Consider the following reasoning:
Humans have different values and ideologies.
In a democracy, there is always a group that is willing to violently impose their values and ideology over others, arguing that democracy is rigged or flawed and thus not valid (for instance, Marxists in capitalism, capitalists in socialism, anarchists in all of these)
To "protect" democracy from these violent views (including "foreign influence"), society imposes restrictions to democracy (for instance, outlawing Marxist political parties, or having a one-party system (e.g. China)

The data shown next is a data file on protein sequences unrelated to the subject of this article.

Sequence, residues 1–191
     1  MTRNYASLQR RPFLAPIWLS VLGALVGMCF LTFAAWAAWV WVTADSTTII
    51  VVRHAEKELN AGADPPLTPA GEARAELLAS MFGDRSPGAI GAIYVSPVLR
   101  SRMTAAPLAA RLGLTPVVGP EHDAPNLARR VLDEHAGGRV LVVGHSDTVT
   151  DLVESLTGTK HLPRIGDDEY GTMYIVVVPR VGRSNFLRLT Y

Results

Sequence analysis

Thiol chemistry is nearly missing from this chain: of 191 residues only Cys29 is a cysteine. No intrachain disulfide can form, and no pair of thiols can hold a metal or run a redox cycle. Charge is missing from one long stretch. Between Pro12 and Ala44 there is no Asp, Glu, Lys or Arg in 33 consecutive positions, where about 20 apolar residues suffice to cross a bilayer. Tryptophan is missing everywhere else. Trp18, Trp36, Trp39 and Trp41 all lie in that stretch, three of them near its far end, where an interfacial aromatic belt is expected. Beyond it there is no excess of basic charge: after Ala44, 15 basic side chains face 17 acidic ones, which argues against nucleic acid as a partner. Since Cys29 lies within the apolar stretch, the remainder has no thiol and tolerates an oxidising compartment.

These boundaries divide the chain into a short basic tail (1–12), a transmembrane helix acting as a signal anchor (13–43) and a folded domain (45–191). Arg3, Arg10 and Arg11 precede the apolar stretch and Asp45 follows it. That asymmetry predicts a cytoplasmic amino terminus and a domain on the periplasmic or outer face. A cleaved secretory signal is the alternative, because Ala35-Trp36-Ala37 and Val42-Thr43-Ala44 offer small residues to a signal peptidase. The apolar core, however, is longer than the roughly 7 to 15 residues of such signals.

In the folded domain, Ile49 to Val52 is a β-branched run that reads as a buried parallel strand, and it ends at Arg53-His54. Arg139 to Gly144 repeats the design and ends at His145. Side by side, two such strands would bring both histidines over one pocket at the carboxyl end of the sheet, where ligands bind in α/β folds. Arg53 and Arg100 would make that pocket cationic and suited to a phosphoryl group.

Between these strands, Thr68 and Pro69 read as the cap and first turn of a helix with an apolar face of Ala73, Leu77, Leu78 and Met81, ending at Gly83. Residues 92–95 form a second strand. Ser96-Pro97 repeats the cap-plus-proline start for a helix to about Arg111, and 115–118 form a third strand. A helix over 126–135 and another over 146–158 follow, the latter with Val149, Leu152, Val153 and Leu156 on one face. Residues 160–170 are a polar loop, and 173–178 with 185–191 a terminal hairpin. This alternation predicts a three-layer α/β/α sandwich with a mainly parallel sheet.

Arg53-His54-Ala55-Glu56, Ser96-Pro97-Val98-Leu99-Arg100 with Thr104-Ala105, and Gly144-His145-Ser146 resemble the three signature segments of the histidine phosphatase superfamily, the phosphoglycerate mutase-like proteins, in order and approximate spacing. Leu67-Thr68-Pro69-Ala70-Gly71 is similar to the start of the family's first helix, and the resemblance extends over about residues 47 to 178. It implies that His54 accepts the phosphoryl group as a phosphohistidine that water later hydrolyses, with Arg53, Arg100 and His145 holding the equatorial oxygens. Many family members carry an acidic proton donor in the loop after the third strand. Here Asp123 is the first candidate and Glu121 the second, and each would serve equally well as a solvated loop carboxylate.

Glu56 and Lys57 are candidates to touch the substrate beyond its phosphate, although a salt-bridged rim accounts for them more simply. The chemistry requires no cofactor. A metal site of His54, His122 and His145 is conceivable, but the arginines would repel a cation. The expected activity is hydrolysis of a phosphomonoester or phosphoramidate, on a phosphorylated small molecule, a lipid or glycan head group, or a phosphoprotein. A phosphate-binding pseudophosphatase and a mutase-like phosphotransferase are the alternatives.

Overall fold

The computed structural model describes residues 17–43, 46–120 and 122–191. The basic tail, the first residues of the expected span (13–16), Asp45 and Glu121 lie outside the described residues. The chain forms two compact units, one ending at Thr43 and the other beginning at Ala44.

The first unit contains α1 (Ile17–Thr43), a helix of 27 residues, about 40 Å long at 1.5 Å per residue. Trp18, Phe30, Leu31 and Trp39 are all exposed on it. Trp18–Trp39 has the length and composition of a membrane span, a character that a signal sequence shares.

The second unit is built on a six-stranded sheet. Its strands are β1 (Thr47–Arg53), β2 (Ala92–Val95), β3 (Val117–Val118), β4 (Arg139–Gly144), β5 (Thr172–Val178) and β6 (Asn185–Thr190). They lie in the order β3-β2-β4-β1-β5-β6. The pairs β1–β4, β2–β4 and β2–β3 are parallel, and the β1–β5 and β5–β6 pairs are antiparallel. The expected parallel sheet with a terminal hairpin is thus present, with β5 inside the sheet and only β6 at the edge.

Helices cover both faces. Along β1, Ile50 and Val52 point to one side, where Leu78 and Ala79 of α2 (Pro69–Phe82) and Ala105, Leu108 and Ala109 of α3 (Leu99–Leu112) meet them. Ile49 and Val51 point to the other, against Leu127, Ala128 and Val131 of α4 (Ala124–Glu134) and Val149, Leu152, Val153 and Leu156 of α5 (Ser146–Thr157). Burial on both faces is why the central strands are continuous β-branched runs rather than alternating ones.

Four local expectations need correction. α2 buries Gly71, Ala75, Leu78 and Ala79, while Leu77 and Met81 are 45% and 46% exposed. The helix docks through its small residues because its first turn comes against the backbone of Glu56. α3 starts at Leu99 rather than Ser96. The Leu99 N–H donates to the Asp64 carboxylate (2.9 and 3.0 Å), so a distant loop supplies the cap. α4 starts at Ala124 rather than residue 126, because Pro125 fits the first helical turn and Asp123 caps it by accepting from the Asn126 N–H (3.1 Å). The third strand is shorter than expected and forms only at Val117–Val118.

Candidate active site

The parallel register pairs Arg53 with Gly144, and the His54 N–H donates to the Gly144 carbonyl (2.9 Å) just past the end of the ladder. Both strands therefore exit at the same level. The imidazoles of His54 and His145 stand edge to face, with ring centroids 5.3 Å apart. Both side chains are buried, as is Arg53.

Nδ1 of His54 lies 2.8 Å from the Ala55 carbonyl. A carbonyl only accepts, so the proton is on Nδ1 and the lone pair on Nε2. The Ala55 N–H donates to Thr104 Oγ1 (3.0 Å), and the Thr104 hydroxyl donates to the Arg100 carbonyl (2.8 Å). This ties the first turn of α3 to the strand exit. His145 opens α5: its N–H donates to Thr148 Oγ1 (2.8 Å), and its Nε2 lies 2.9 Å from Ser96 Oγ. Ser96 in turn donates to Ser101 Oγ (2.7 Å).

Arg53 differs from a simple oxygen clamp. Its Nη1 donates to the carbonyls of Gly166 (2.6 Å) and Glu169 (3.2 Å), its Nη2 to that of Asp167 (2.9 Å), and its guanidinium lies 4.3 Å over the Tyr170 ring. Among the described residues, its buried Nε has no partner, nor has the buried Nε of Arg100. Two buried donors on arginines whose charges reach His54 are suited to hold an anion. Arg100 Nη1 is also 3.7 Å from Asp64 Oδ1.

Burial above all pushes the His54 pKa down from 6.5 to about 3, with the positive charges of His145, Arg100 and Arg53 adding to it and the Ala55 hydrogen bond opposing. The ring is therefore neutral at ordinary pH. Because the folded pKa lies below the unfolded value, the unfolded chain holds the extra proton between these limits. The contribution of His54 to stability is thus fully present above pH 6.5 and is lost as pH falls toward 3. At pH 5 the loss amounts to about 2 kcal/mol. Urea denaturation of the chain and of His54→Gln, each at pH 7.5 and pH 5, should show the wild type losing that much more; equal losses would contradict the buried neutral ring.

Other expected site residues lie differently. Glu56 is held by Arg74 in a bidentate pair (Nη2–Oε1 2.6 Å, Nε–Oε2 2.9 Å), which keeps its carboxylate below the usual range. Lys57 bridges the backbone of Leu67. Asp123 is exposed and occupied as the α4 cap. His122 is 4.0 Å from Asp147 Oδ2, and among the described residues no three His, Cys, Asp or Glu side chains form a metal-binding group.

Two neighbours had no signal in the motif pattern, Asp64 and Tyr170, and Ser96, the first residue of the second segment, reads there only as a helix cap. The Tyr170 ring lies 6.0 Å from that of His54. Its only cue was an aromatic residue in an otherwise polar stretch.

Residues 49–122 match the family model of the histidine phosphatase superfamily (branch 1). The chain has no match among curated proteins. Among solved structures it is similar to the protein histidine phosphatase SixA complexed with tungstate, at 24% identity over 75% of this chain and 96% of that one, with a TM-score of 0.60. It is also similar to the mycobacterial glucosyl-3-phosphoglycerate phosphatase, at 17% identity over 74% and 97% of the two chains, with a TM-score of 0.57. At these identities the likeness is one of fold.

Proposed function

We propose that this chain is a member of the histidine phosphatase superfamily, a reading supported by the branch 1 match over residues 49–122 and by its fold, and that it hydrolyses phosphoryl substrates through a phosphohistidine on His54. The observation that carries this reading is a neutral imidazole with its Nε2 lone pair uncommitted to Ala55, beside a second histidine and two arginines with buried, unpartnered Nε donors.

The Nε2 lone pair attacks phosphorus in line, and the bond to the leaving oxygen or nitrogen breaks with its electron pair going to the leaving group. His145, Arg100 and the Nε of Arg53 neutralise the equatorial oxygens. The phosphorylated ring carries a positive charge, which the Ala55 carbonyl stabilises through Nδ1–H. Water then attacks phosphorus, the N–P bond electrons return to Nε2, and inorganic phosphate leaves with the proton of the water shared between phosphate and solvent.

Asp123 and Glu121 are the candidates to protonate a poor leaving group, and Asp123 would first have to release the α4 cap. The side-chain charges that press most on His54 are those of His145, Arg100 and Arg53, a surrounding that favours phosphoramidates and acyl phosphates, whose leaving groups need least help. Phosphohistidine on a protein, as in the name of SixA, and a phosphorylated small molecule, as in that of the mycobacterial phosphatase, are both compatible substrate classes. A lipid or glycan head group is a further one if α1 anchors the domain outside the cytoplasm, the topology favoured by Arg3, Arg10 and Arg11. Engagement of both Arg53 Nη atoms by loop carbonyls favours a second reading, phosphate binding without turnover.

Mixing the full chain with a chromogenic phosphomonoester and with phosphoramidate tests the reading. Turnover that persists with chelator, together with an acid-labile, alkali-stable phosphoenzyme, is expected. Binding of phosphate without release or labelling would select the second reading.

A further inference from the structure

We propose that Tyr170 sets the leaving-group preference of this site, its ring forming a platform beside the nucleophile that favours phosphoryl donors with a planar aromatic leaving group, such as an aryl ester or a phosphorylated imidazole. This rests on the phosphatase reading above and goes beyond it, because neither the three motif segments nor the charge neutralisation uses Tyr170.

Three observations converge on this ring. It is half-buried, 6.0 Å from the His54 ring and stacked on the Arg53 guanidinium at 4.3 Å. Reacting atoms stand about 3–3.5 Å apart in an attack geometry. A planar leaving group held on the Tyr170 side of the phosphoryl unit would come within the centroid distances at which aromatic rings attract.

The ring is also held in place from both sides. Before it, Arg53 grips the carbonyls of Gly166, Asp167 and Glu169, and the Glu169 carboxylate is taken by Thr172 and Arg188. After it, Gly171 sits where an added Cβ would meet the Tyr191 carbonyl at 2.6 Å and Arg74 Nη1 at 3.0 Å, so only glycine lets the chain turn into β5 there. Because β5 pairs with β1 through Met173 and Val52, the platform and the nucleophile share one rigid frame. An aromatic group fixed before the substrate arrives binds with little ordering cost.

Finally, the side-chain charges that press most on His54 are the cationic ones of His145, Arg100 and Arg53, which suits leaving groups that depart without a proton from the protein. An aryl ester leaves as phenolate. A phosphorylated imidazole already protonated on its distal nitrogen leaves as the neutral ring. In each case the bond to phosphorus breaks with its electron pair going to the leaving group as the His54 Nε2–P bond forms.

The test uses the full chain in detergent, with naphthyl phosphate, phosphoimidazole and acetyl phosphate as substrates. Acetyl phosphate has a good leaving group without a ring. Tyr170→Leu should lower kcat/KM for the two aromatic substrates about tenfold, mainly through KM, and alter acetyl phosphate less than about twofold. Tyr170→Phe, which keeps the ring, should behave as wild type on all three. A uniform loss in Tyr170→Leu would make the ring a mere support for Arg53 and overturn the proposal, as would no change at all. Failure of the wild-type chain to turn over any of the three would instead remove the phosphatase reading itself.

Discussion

From these three premises, we can deduce that a "perfect free and open democracy" is not possible (or at least not a sustainable political equilibrium).
This is, to my view, a very pessimistic result because it justifies a less democratic regime, without specifying the direction of the bias (i.e. pro-capitalism, pro-socialism, etc). In other words, anything goes.
Is there a flaw in this line of reasoning? Is there a political theory that describes this "impossibility of a true democracy"?